Would you hire a priest to come in and perform a Mass for ‘entertainment purposes’? A rabbi? You might have a church choir come in and sing for entertainment, but would you allow a ritual that touches the divine to be profaned by lowering it to be pandered for ‘entertainment purposes’?

Perhaps if, instead, she had pushed back and pointed out (in advance) that divination is a part of her religion, and is something she is willing to share with others as part of sharing her religion, there might have been a different outcome (or the company might have run screaming in the first place, but that’s a different discussion). At that point it’s ‘my religion versus your religion’, which would have possibly generated a much different response from the corporation based on the complaint.

And if she did agree to come in as hired, for pay for ‘entertainment purposes only’, then on what grounds can we claim any sort of religious discrimination? If, as Jason’s blog states “One of the assistant managers has promised that she’ll be paid, as initially agreed”, then there is no contractual default (IANAL).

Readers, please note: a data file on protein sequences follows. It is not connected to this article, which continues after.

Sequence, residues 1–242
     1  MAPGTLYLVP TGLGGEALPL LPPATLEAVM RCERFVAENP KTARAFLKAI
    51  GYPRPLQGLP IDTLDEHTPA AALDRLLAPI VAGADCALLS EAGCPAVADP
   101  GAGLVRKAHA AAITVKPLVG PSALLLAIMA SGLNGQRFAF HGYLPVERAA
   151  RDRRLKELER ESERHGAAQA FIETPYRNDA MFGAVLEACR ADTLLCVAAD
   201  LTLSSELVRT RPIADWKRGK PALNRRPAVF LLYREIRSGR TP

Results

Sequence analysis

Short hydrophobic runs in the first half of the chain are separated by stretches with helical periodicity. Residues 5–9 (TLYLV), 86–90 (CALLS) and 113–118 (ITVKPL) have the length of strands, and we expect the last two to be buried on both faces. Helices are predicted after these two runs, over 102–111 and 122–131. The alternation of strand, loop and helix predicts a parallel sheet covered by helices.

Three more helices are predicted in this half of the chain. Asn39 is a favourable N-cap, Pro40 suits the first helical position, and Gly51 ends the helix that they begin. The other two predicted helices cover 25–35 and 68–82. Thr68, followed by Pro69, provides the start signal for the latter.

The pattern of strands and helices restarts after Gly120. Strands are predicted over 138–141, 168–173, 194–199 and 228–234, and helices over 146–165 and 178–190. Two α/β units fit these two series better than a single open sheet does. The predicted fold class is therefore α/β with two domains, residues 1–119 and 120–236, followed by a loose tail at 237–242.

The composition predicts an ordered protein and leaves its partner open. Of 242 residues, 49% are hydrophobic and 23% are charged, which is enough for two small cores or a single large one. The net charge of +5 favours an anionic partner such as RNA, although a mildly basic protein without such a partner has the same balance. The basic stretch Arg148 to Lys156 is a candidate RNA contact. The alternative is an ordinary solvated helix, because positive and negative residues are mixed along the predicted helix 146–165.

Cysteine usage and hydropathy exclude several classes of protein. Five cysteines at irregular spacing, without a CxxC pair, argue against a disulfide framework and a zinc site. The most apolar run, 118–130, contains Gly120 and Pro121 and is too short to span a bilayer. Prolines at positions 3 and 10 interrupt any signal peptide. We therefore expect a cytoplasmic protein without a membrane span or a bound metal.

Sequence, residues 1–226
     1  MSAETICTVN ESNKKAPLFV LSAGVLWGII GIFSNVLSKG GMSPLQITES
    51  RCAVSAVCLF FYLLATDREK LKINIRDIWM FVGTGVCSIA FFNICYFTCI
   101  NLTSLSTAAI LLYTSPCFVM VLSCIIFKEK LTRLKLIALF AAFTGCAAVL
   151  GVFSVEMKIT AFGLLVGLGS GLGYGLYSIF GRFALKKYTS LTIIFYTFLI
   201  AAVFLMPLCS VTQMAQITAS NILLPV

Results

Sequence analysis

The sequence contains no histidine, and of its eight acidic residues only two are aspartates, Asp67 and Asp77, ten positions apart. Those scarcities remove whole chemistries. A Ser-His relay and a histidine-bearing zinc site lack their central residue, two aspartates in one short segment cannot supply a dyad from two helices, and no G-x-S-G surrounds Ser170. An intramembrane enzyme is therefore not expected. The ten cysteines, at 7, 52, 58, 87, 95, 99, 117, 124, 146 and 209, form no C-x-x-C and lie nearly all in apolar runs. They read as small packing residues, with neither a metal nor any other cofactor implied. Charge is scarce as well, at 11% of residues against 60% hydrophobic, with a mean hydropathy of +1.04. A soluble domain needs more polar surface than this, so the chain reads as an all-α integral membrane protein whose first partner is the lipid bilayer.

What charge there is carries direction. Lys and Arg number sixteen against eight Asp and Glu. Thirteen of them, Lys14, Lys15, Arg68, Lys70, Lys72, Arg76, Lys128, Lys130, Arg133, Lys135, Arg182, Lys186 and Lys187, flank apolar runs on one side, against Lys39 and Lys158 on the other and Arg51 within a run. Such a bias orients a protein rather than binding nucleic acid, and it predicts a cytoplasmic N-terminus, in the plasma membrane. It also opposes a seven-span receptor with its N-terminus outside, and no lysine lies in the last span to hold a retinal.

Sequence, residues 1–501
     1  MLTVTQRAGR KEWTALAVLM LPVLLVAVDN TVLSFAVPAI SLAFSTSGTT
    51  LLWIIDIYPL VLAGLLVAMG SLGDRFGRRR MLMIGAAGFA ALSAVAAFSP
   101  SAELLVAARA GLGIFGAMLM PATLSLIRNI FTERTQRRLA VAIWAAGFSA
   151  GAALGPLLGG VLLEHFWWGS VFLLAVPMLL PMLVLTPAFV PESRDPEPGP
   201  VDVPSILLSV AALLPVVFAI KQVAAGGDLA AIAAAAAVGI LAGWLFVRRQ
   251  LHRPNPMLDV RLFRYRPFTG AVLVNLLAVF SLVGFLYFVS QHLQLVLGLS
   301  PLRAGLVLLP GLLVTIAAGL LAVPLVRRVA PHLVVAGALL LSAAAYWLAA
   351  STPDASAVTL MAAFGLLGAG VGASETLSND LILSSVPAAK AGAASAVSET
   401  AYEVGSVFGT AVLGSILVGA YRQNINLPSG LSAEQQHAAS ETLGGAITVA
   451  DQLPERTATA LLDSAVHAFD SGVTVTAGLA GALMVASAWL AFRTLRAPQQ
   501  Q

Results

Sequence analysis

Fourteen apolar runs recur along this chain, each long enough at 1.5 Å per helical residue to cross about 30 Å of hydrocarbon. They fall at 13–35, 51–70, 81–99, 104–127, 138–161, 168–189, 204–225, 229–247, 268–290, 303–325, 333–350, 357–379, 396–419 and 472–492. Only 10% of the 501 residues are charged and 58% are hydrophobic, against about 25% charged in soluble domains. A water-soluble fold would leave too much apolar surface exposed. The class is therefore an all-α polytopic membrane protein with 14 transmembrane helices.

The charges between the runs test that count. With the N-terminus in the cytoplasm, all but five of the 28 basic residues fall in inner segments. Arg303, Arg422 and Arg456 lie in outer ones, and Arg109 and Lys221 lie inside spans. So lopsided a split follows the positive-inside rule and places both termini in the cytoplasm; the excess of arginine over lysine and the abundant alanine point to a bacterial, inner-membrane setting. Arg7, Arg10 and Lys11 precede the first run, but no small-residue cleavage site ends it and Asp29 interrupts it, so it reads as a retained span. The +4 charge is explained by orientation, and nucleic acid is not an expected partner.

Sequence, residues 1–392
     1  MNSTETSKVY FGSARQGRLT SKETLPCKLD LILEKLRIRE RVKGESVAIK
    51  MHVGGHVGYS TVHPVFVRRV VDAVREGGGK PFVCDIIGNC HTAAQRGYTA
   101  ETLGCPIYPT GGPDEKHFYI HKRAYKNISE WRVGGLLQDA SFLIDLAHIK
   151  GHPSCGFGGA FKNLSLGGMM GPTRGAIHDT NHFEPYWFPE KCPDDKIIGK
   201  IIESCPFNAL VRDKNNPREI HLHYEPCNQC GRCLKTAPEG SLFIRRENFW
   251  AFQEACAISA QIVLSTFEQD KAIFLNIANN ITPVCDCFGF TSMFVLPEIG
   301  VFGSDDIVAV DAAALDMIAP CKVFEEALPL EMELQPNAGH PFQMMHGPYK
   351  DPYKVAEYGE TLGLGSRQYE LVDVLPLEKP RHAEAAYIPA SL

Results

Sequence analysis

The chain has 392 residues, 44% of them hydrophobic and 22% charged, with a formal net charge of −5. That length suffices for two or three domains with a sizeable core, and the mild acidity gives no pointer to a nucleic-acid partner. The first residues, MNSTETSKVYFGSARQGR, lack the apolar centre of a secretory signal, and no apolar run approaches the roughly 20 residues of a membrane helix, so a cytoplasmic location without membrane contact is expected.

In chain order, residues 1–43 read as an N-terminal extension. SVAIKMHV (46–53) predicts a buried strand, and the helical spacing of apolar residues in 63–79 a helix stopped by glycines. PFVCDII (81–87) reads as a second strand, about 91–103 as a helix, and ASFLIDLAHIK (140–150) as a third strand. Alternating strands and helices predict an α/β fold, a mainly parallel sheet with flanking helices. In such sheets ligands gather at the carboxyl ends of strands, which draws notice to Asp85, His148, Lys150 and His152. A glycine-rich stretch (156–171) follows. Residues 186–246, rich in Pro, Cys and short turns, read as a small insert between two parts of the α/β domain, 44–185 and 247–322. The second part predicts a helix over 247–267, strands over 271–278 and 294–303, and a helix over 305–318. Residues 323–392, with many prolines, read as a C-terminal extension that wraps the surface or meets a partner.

So what’s your opinion? Do we loose moral (not to mention legal) high ground if we allow Tarot to be labeled as merely ‘for entertainment purposes only’? Does the use of divination as a parlor trick lessen its impact as a real divination tool as viewed by the general public? And, if so, then what to do with the legitimate readers who aren’t Pagan?